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STALWARTS OF THE ANJUMAN SUNNAT-AL-JAMAAT ASSOCIATION
http://www.caribbeanmuslims.com/articles/1108/1/STALWARTS-OF-THE-ANJUMAN-SUNNAT-AL-JAMAAT-ASSOCIATION/Page1.html
Zaid Mustapha

 
By Zaid Mustapha
Published on 02/17/2009
 
The picture on the inside front cover of this booklet was taken in the year 1936. The men featured in this photograph represent the pioneers or stalwarts of ASJA. It was not possible to identify all of these men but for the purpose of giving a lesson of Islamic History in our country to our youths, we will mention some of these original ASJA members. If you know anyone in the picture not identified, please let us know.  (Source The Nur-E-Islam Masjid brochure for free distribution for function on 15th October, 1989)

The Picture
 

(Standing From Left To Right ).

Aziz Mohammed, Taheeb Ali, Meharwan Mohammed, Backreedee Meah, Abbass

Hosein, Haji Rooknodeen Sahib, S.M. Hosein, Aziz Mohammed (Tunapuna),

Mohammed Ibrahim, Hausildar Meah, Nawab Ali, Sheik Hashim Muzaffar.

(Sitting From Left To Right).

1. Not Identified 2. Not Identified 3. Not Identified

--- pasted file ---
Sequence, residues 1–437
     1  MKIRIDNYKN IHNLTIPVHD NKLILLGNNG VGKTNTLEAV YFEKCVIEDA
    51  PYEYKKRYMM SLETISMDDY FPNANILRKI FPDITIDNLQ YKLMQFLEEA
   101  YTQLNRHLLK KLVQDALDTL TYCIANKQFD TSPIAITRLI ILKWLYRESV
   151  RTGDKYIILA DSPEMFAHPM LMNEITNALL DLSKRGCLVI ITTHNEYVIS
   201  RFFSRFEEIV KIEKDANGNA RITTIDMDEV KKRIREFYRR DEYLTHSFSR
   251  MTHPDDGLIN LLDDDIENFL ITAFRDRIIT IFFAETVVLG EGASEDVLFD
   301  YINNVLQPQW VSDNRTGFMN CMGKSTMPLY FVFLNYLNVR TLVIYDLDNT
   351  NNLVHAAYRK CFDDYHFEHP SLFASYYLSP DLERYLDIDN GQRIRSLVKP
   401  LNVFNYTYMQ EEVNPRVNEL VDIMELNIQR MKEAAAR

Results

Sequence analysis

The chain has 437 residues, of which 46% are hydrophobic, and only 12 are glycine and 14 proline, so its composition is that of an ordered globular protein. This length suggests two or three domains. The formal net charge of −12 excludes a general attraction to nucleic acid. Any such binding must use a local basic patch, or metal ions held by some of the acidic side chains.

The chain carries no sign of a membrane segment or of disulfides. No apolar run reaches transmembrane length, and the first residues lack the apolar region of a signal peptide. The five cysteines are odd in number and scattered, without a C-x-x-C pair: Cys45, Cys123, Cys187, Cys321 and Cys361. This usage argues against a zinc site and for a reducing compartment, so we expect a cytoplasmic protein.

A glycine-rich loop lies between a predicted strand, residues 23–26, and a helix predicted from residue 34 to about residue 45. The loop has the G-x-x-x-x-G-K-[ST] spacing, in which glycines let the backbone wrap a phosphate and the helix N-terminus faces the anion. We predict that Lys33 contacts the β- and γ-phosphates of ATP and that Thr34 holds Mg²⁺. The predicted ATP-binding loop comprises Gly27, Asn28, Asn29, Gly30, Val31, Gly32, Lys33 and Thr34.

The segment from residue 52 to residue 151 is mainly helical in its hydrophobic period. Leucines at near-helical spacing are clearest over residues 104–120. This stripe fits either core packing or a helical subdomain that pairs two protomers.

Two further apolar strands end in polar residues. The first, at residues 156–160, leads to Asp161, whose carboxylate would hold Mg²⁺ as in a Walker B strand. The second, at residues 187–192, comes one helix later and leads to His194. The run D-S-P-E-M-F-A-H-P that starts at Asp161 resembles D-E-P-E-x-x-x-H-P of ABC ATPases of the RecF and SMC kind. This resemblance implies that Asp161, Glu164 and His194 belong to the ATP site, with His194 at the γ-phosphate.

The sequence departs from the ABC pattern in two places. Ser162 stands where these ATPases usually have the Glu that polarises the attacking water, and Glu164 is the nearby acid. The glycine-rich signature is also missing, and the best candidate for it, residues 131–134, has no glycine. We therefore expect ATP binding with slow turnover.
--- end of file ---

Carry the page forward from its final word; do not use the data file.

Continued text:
4. Belbagai 5. Ishmael Ali 6. Ghulam Hosein 7. Not Identified

8. Peru Meah 9. Hassan Khan 10. Not Identified

11. Hafiz Yacoob Ali 12. Badaloo Meah 13. Not Identified

14. Not Identified 15. S.M. Mustapha 16. Not Identified

17. Khairat Ali Meah


Hafiz Yacoob Ali

Yacoob Ali, at age thirteen in 1888, was sent back to India by his father to acquire an Islamic education. He returned ten years later as a hafiz (one who memorize the Holy Qur'an in its entirety - ed) and qari (one who masters the art of reciting the Holy Qur'an -ed) and established several maktabs (classes to provide religious instructions -ed). [Sourced from Digital Islam].

Reverend KJ Grant1 in his works, “ My Missionary Memories”, states-

The followers of Mohammad were not ashamed to declare their faith or offer their prayers wherever they may be .Vividly before my mind is a picture of a company of twelve to fifteen men, who met together for prayers…the scene was most impressive and could be witnessed every Friday wherever there was a Mohammadan group...... a devout Muslim of considerable wealth and living not far from us sent his son to be educated as a mullah or priest. He returned after a period of five to six years bearing the title of “Hafiz” which is given to one who committed to memory the whole Koran in its original Arabic.

Investigations reveal that this youth, and certainly the first local Hafiz referred to by Rev. Grant, was Yacoob Ali, the father of the late Haji Shaffikul Rahaman (former president general of ASJA) (Extracted from paper "An overview of Muslim Educational Institutions in Trinidad by Farouk Khan")

1. Reverend K. J. Grant was one of the clerics, who in the tradition of the Presbyterian Canadian Mission, came to Trinidad in the 1870s to minister to the Indentured Indians